Fresh Stuff From Tune-Yards
by Cat Johnson
In 2011, Tune-Yards burst onto the scene with Whokill. It wasn’t the band’s first offering but it was the one that moved them from the edges of the underground into the mainstream eye and ears. A rollicking, loop- and gadget-driven album informed by African rhythms and glitchy (I mean that in a good way) compositions, it secured the band, comprising Merrill Garbus and Nate Brenner as un-categorizable heroes of contemporary pop music.
Earlier this month, Tune-Yards dropped its latest, Nikki Nack and it’s a doozy. Filled with tripped-out beats and samples, Garbus’ trademark sing-songy vocals and rolling rhythms, the album sounds, in true Tune-Yards fashion, like you’re inside a video game, or pinball machine with rapid-fire compositions that you’d be hard-pressed to find the beginning, middle or end of. The songs are arty, layered, dense and multi-dimensional, though a bit (just a bit) calmer than those on Whokill.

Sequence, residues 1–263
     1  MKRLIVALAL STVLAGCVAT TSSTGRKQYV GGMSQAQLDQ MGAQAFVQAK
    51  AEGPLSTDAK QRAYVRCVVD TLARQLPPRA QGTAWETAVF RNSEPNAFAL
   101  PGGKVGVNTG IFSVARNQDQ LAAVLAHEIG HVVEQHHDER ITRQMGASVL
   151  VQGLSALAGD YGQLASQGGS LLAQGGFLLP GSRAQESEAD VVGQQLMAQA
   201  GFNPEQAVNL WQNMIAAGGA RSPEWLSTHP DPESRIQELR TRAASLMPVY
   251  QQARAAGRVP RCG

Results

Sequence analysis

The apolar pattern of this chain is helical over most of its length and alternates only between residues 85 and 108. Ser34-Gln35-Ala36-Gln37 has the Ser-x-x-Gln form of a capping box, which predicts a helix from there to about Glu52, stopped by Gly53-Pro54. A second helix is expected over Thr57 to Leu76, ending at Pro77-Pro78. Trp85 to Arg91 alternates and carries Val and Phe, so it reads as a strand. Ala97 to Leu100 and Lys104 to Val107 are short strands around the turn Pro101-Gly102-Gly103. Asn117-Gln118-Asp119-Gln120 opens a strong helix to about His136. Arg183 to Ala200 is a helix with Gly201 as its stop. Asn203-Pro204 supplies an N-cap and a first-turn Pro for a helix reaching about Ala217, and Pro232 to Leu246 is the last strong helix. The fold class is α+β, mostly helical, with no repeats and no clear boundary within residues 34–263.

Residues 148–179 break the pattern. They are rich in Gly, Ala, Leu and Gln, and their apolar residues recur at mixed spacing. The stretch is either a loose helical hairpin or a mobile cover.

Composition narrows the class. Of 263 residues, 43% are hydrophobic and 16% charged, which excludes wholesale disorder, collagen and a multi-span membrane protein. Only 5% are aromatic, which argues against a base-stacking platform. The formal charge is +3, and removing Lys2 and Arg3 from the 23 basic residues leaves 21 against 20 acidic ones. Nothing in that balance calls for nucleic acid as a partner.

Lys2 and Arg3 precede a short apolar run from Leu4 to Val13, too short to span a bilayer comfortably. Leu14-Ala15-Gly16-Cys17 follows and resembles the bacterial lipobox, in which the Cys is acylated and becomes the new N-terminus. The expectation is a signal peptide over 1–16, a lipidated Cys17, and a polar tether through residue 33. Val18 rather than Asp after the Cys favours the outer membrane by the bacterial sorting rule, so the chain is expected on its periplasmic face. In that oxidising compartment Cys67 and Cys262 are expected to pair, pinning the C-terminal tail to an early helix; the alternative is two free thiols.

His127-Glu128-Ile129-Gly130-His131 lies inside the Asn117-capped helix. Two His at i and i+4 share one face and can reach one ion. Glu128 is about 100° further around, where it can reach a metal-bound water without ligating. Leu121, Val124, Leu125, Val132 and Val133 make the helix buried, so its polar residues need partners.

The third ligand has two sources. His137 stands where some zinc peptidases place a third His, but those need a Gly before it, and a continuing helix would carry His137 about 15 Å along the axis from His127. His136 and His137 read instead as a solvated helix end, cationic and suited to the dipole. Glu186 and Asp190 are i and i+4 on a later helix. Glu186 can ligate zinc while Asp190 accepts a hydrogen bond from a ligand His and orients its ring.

These descriptors are not new in the underground—there are plenty of bands that focus on art over listenability and noise over melody. What sets Tune-Yards apart is that there is a strong and vibrant core to the songs that keeps them from flying away into experimental land. Maybe it’s Garbus’ warm, friendly voice and sisterly demeanor; maybe it’s the thoughtful lyrics that keep you hanging on; or maybe it’s just that Garbus and Brenner are extraordinary artists who create music that reflects, and even embraces, the ridiculous pace of life in the 21st century, but at its essence is about being alive and connected and creative.